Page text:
To promote a fair, accessible and sustainable marketplace for consumer products and services and for that purpose to establish national norms and standards

relating to consumer protection, to provide for improved standards of consumer

Information, to prohibit certain unfair marketing and business practices, too promote responsible consumer behaviour, to promote a consistent legislative and

enforcement framework relating to consumer transactions and agreements, to establish the National Consumer Commission, to repeal sections 2 to 13 and

sections 16 to 17 of the Merchandise Marks Act, 1941 (Act No. 17 of 1941), the Business Names Act, 1960 (Act No. 27 of 1960), the Price Control Act, 1964 (Act No.

25 of 1964), the Sales and Service Matters Act, 1964 (Act No. 25 of 1964), the Trade Practices Act, 1976 (Act No. 76 of 1976), the Consumer Affairs (Unfair Business

Practices) Act, 1988 (Act No. 71 of 1988), and to make consequential amendments to various other Acts; and to provide for related incidental matters.


The people of South Africa recognise— That apartheid and discriminatory laws of the past have burdened the nation with

unacceptably high levels of poverty, illiteracy and other forms of social and

economic inequality;

That it is necessary to develop and employ innovative means to—

(a) fulfil the rights of historically disadvantaged persons and to promote their full

participation as consumers;

(b) protect the interests of all consumers, ensure accessible, transparent and

efficient redress for consumers who are subjected to abuse or exploitation in

the marketplace; and

(c) to give effect to internationally recognised customer rights;

That recent and emerging technological changes, trading methods, patterns and

agreements have brought, and will continue to bring, new benefits, opportunities

and challenges to the market for consumer goods and services within South Africa;


That it is desirable to promote an economic environment that supports and

strengthens a culture of consumer rights and responsibilities, business innovation

and enhanced performance.

For the reasons set out above, and to give effect to the international law obligations

of the Republic, a law is to be enacted in order to—

● promote and protect the economic interests of consumers;

● improve access to, and the quality of, information that is necessary so that

consumers are able to make informed choices according to their individual

wishes and needs;

● protect consumers from hazards to their well-being and safety;

● develop effective means of redress for consumers;

● promote and provide for consumer education, including education concerning

the social and economic effects of consumer choices;

● facilitate the freedom of consumers to associate and form groups to advocate

and promote their common interests; and

● promote consumer participation in decision-making processes concerning the

marketplace and the interests of consumers.

According to the Consumer Protection Act 68 of 2008 :

Right of equality in consumer market

8. Protection against discriminatory marketing

9. Reasonable grounds for differential treatment in specific circumstances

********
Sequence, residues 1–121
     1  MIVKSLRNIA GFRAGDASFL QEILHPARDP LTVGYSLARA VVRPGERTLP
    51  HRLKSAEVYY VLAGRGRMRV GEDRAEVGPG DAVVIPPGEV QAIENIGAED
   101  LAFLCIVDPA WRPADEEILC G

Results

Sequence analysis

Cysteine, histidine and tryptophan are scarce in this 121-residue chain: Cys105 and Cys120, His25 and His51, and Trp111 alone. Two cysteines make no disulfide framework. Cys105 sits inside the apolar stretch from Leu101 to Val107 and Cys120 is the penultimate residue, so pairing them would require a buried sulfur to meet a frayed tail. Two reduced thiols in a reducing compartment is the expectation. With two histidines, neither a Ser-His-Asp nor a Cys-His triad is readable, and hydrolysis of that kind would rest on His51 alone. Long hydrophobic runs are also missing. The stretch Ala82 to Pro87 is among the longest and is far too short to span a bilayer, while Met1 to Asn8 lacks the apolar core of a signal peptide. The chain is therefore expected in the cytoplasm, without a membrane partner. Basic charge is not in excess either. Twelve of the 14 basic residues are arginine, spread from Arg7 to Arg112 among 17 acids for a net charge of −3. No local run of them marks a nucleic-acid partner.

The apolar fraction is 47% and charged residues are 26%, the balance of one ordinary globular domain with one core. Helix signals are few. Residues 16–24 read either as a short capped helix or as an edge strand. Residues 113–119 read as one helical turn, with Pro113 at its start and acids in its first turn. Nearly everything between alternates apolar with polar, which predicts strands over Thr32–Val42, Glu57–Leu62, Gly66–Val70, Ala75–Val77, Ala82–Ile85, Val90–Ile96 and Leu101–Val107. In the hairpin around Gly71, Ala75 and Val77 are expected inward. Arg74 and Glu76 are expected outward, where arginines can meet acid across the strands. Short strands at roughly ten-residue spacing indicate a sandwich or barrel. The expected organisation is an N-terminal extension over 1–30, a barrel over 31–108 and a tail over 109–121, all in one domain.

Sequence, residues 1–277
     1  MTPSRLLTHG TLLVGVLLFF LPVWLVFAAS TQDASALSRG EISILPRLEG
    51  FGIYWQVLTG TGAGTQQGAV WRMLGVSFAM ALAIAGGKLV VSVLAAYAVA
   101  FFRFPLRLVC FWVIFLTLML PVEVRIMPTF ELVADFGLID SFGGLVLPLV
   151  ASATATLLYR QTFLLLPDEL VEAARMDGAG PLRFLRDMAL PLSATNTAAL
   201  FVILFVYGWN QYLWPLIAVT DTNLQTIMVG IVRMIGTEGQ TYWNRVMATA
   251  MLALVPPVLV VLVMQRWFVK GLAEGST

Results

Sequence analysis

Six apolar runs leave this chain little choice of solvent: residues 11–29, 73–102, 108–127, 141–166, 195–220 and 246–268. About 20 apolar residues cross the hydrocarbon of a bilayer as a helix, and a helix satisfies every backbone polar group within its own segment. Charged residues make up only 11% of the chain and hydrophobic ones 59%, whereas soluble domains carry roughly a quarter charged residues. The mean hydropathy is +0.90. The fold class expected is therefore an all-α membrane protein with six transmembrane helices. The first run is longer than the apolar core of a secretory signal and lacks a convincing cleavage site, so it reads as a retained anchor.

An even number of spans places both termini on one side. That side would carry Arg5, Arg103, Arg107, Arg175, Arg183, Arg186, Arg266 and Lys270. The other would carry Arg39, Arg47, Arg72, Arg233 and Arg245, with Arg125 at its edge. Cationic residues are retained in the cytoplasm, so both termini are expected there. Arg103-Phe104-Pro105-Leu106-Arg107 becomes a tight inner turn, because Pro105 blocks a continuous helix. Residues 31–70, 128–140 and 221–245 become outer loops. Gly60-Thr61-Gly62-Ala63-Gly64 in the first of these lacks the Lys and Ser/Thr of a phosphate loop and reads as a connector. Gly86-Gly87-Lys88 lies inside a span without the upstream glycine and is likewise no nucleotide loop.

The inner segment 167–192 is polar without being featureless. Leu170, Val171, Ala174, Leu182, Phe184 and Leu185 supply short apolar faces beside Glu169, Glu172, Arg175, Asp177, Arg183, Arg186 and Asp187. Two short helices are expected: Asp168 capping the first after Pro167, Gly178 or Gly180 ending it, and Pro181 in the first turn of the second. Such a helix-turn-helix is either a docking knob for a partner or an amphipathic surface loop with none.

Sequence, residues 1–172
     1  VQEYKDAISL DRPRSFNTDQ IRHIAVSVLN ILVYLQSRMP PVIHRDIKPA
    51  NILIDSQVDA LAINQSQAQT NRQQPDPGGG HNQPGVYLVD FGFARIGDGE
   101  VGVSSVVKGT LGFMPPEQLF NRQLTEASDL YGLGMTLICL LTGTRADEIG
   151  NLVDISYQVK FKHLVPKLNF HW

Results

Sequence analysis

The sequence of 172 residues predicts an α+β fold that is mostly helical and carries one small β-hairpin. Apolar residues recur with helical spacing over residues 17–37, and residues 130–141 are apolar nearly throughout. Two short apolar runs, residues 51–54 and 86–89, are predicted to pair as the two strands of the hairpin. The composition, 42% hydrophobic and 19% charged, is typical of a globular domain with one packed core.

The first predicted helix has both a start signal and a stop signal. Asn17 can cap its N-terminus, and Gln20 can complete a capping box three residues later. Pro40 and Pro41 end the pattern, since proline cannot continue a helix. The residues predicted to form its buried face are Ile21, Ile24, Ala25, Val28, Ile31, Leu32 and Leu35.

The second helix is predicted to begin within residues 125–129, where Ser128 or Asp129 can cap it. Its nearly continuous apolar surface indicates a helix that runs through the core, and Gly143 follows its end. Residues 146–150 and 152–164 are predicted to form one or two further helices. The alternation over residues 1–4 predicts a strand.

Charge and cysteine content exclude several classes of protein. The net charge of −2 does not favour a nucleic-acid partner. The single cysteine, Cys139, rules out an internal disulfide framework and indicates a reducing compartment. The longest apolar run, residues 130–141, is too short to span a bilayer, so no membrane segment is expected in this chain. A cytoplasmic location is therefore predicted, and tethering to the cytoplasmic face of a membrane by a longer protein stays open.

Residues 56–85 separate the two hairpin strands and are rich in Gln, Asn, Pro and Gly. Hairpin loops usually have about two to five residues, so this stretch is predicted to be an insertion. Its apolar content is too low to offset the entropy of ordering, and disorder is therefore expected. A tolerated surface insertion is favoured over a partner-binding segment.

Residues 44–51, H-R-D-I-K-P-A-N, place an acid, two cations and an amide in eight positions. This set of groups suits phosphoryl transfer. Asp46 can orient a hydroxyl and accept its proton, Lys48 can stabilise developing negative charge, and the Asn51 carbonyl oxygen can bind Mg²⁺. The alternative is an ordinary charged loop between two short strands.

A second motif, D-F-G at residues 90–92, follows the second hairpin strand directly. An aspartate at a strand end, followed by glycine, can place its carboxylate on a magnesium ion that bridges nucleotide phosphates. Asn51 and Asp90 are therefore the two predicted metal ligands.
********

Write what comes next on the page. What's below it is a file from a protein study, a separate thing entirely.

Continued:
10. Equality court jurisdiction over this Part

Part A

Consumer’s right to privacy

11. Right to restrict unwanted direct marketing

12. Regulation of time for contacting consumers

Part B

Consumer’s right to choose

13. Consumer’s right to select suppliers

14. Expiry and renewal of fixed-term agreements

15. Pre-authorisation of repair or maintenance service

16. Consumer’s right to cooling-off period after direct marketing

17. Consumer’s right to cancel advance reservation, booking or order

18. Consumer’s right to choose or examine goods

19. Consumer’s rights with respect to delivery of goods or supply of service

20. Consumer’s right to return goods

21. Unsolicited goods or services

Part C

Right to disclosure and information

22. Right to information in plain and understandable language

23. Disclosure of price of goods or services

24. Product labelling and trade descriptions

25. Disclosure of reconditioned or grey market goods

26. Sales records

27. Disclosure by intermediaries

28. Identification of deliverers, installers and others

Part D

Right to fair and responsible marketing

29. General standards for marketing of goods or services

30. Bait marketing

31. Negative option marketing

32. Direct marketing to consumers

33. Catalogue marketing

34. Trade coupons and similar promotions

35. Customer loyalty programmes

36. Promotional competitions

37. Alternative work schemes

38. Referral selling

39. Agreements with persons lacking legal capacity

Part E

Right to fair and honest dealing

40. Unconscionable conduct

41. False, misleading or deceptive representations

42. Fraudulent schemes and offers

43. Pyramid and related schemes

44. Consumer’s right to assume supplier is entitled to sell goods

45. Auctions

46. Changes, deferrals, and waivers and substitution of goods

47. Over-selling and over-booking

Part F

Right to fair, just and reasonable terms and conditions

48. Unfair, unreasonable or unjust contract terms

49. Notice required for certain terms and conditions

50. Written consumer agreements

51. Prohibited transactions, agreements, terms or conditions

52. Powers of court to ensure fair and just conduct, terms and conditions

Part G

Right to fair value, good quality and safety

53. Definitions applicable to this Part

54. Consumer’s rights to demand quality service

55. Consumer’s rights to safe, good quality goods

56. Implied warranty of quality

57. Warranty on repaired goods

58. Warning concerning fact and nature of risks

59. Recovery and safe disposal of designated products or components

60. Safety monitoring and recall

61. Liability for damage caused by goods